Even very bright and motivated students can struggle with OCD.  In fact, most students with OCD have average- to above-average levels of intelligence.  Depending on the severity of the symptoms, some students find it difficult to learn and, for some, it’s almost impossible to concentrate on and complete school-related work.  Following are some of the learning difficulties students with OCD may experience:

  • They often are unable to listen effectively and concentrate on what the teacher is saying.
  • They may not be able to read without their minds being drawn away from the words and into a world of relentless worries.  They may also be unable to read because of the need to perform rituals (e.g., count every fifth word in each sentence or each paragraph).
  • They may not be able to pay attention to visuals very well because of lack of focus and concentration on anything other than the mental stream of worries, urges or compulsions.  In fact, OCD may be mistaken for AD/HD due to what appears to be inattentiveness.
  • They may not understand the key points that the teacher stresses; they are not able to absorb the meaning and insights because they are distracted by the OCD.
  • They may be embarrassed -- or in some cases, reprimanded by the teacher -- if they don’t have an answer when called upon due to the OCD distractions.
  • They may do poorly on quizzes or exams because they have not been able to prepare properly -- OCD kept them from studying effectively both at home and in school.  Or OCD may interfere with their ability to concentrate on and complete tests/exams.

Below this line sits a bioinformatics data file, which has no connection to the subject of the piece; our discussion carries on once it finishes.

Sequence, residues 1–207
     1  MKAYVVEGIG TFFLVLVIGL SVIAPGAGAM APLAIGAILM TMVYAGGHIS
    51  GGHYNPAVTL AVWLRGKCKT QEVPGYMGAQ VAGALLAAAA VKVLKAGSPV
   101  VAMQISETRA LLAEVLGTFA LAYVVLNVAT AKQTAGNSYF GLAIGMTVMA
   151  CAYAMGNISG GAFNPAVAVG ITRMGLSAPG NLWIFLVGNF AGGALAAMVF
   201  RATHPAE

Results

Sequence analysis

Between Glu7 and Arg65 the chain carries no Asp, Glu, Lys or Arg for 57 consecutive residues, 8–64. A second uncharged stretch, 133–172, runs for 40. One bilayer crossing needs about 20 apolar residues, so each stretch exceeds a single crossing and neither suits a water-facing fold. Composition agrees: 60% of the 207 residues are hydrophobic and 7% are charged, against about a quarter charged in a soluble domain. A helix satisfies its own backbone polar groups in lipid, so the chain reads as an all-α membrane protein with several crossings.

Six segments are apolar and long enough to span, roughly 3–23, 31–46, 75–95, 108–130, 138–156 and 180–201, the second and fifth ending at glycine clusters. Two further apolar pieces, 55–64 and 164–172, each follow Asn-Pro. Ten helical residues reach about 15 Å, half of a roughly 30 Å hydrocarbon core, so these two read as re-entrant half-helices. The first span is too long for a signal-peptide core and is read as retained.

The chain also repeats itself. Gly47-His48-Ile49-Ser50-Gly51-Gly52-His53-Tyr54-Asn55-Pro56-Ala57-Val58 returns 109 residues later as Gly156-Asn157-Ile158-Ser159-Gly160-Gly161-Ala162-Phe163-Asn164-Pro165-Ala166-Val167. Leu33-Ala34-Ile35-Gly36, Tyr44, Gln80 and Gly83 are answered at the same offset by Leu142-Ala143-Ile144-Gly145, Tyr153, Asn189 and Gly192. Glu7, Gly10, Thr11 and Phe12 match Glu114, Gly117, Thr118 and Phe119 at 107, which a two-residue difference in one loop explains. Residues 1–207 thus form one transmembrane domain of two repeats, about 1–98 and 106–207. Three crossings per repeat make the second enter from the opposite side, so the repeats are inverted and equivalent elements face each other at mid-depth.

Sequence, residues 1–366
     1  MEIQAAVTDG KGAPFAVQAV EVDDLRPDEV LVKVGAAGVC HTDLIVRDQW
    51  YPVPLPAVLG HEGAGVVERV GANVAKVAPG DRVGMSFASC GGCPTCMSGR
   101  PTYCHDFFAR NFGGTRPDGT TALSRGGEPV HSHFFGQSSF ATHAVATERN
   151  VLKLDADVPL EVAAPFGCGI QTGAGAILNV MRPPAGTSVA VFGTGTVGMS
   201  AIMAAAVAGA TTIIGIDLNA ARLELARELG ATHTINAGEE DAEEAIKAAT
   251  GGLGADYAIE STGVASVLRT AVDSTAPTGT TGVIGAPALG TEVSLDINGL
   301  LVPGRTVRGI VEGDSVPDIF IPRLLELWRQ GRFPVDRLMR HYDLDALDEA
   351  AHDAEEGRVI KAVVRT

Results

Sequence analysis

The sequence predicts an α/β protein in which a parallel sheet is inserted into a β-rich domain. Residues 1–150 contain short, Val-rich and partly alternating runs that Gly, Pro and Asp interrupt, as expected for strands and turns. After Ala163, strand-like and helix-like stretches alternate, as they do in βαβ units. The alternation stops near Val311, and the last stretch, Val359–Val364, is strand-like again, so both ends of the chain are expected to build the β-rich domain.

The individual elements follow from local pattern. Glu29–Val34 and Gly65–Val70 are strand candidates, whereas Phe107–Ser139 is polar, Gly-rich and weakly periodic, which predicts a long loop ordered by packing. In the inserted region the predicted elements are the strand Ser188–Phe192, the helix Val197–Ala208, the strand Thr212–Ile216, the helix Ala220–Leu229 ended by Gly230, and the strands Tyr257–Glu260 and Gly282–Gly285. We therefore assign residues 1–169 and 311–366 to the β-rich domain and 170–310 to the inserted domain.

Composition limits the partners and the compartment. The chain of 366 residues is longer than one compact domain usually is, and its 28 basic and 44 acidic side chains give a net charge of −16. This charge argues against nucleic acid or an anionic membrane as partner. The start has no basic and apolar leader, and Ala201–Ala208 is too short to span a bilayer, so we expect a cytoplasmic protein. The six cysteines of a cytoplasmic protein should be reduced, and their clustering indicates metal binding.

• They may experience high levels of anxiety that build until some kind of release is found which may involve a ritual or another behavior -- including an outburst -- that can be a disruption to the class.  As the anxiety is building, the student is focusing only on that feeling, not on learning.
  • When they leave the classroom to carry out rituals (e.g., going to the bathroom to perform washing rituals), they may miss out on potentially important academic information.
  • They may be extremely tired because of the strain and effort of trying to fight OCD, which can sap one's energy.  A lack of sleep may also be caused by staying up late studying.  Students with OCD often take longer than usual to study or do homework assignments because they are distracted by the OCD.  In addition, recent research suggests that a large percentage of young people with OCD experience one or more sleep-related difficulties such as being overtired, having nightmares, a need to sleep next to someone in the family, and having trouble sleeping.
  • They may miss out on important instruction when tardiness and school absenteeism became a problem due to OCD symptoms (e.g., carrying out washing, dressing, eating rituals before school; not attending school because of triggers on that environment).  Gaps in instruction, in turn, may lead to serious academic problems; when they miss instruction in important skills, they are likely to have difficulty learning concepts and new information built upon those skills.
  • They become adept at devising “workarounds” to try to counter OCD obsessions, frequently by avoiding people, places and things that might trigger their symptoms.  Understandably, avoiding certain tasks related to reading (e.g., the student avoids reading any material that is written or highlighted in red because of an association with blood), writing (the student cannot write cursive letters that contain loops, such as an uppercase "J," because of a fear that a loved one may get "trapped" in the loop), or math (e.g., the student cannot do problems that contain a "6," because 6 is associated with evil) can have serious negative effects on learning.

It may not be long before the student who has OCD falls behind in schoolwork, produces less work and experiences a drop in grades.  In some cases, academic performance deteriorates abruptly and dramatically.  And it may be nearly impossible to catch up unless he or she is able to learn to manage the OCD symptoms.  This is why it’s critical that educators take a proactive approach to becoming aware of what OCD is, and to alert parents when any potential signs of OCD are observed at school.

Back to Recognizing OCD at School

Go to the Role of School Personnel section

Back to Home Page